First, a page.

Ukraine may not be totally satisfied with military aid from the United States and NATO countries, but they can’t complain about the latest shipment of hardware they received from Washington. They are getting 155mm howitzers to blast the Russians in the Donbas phase of the war. These artillery pieces are likely comprised of M777 lightweight towed howitzers, an updated and modern version of the guns.
Let’s take a look at the M777 to see how it can make a difference on the battlefield for Ukraine.
One Step Closer to Combat
Ukraine received its first shipment of 155mm howitzers to Europe on April 20 as part of the most recent $800 million assistance package from the United States to Ukraine. American troops will be training at least 50-Ukrainian artillery officers and non-commissioned officers so they can take this learning and replicate it with troops in Ukraine.
What a Great Gift for Ukraine
They are likely training on the M777. This is a lighter-weight towed howitzer that has better range and accuracy compared to the 1970s Soviet-era 2A65 “Msta-B” towed artillery piece that Ukraine is using. With the M777 the Ukrainians will employ the 155mm shell against the Russians instead of the older 152mm round for the Msta-B. This will help the Ukrainian army to better bombard Russian positions.
More Ammunition Than Expected
The Americans are supplying the Ukrainian artillery forces with an impressive number of rounds – 40,000 of the 155mm munitions. That’s a huge number because the M777 has a finite number of shells it can fire before the tube needs maintenance. So, the 40,000 shells will last a long time.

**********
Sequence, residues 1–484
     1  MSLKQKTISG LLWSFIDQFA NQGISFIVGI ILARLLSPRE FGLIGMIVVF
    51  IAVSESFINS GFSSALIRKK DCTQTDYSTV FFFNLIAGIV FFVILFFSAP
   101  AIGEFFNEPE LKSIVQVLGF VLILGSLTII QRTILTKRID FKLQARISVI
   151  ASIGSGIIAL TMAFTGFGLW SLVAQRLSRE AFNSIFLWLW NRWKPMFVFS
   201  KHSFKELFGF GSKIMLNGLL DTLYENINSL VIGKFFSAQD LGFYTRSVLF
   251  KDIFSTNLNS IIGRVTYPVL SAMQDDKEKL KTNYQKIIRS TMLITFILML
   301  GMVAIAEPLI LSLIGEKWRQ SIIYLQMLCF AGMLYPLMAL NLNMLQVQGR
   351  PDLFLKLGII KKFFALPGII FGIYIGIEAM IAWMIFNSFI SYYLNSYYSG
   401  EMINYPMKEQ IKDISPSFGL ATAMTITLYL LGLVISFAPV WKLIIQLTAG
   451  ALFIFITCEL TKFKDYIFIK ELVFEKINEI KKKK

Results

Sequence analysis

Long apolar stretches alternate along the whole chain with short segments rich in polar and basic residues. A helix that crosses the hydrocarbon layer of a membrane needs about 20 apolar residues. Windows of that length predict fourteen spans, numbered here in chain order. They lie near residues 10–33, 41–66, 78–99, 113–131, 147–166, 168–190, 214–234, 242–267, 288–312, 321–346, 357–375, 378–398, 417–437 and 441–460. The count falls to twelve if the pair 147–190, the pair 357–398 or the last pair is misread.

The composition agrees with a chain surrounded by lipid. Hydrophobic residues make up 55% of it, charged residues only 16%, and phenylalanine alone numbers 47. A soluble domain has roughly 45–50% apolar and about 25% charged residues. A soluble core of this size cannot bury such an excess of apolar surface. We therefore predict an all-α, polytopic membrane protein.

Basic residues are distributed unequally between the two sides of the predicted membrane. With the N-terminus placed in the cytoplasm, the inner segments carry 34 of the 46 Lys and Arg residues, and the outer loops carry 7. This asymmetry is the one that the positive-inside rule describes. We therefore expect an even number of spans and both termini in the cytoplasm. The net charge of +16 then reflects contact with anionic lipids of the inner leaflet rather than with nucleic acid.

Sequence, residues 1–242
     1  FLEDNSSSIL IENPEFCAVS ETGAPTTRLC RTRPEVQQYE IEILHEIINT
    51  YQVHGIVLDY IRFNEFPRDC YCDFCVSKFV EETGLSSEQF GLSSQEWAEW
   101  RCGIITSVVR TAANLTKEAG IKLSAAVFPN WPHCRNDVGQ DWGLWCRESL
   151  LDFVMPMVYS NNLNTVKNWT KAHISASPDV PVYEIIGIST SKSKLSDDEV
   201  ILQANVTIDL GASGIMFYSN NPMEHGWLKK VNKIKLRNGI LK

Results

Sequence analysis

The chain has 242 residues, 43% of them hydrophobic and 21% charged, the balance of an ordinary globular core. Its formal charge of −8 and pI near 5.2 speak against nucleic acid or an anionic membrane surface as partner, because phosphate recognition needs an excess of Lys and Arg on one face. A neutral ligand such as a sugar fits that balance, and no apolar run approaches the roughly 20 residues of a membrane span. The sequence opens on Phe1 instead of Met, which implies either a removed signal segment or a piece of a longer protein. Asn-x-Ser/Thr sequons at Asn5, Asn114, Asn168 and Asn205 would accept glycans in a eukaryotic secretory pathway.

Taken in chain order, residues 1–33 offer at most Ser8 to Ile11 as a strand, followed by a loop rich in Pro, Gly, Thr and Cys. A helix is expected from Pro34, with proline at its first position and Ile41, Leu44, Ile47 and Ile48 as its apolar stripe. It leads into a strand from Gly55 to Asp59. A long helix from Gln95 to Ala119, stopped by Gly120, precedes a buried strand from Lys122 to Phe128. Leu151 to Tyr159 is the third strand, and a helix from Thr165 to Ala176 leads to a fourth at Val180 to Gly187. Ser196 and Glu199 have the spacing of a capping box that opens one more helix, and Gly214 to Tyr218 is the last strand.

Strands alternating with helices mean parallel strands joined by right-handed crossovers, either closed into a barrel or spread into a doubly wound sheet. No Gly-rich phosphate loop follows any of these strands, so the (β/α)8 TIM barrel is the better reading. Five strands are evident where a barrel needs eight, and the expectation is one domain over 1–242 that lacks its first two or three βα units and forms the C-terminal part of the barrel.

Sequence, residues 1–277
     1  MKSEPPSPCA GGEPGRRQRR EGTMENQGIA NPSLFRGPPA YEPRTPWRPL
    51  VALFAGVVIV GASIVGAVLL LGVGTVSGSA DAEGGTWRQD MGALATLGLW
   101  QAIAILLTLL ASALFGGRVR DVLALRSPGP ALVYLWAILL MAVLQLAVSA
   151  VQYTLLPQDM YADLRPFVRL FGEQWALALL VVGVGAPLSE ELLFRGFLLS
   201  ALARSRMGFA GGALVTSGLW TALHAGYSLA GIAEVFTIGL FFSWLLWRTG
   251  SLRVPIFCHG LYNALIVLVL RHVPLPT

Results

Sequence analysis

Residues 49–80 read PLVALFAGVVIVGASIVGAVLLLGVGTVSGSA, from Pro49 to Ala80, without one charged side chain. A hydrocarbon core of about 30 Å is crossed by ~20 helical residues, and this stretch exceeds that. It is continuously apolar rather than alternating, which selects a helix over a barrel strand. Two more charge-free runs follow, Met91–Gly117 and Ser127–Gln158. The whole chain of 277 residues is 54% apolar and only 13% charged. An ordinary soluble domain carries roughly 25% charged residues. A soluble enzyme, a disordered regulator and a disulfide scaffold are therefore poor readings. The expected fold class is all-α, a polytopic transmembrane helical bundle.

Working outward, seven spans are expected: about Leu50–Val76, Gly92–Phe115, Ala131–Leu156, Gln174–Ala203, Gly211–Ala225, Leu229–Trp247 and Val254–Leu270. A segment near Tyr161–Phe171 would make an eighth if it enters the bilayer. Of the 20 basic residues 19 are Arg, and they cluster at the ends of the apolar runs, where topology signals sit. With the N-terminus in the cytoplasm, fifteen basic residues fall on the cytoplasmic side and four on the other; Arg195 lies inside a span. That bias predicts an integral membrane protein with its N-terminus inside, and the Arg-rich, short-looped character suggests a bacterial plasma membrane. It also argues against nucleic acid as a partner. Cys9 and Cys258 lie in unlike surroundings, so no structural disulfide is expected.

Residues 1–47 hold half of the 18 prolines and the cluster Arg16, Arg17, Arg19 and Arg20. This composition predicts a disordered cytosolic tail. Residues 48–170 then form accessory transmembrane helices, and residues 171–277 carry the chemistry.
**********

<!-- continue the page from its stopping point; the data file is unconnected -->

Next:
155mm Shell Is Versatile
The other advantage of the 155mm caliber is the number of different uses for each projectile. There is the baseline high-explosive fragmentary, but also smoke, illumination, and extended range. Artillery rounds have fuses that determine how the round explodes. So 155mm shells have different fuse types: point detonating, delay, and airburst. These capabilities will be a boost for the Ukrainian artillery forces.
The M777 is 7,500 pounds which are on the light side for towed howitzers. There is some titanium used during construction. This allows the 35-foot-long gun to be transported quickly by truck or helicopter. And they can be packed on cargo airplanes easier which explains how rapidly they arrived in Europe.
Large Crew That Needs to be Trained
It does take eight soldiers to fire the M777 which means training is important. But an experienced crew can shoot five rounds per minute. Soldiers who rehearse crew tasks on the M777 can set it up in six minutes. Then the trucks can pull the howitzers to a new position after a fire mission. The M777 can engage targets that are 18-miles away. The highly-accurate digital computer fire control operation is what makes the M777 stand apart. Called the Towed Artillery Digitization system, it also uses GPS for targeting and can be fed relayed data from drones.
Newer Munitions May Not Be Forthcoming for Ukraine
It remains to be seen whether Ukraine will receive the more advanced shells from the Americans. It is not likely they will get the laser-guided M712 Copperhead and GPS-guided M982 Excalibur. But the high-explosive baseline rounds will still yield ample firepower.
The most important requirement for this artillery piece is training since it has a digital operation component. The Ukrainians must be trained quickly and able to teach soldiers who are used to firing Soviet equipment. But with such a load of ammunition donated by the United States, the Ukrainians will likely be in business for months before they need new shells.
Now serving as 1945’s Defense and National Security Editor, Brent M. Eastwood, Ph.D., is the author of Humans, Machines, and Data: Future Trends in Warfare. He is an Emerging Threats expert and former U.S. Army Infantry officer. You can follow him on Twitter @BMEastwood.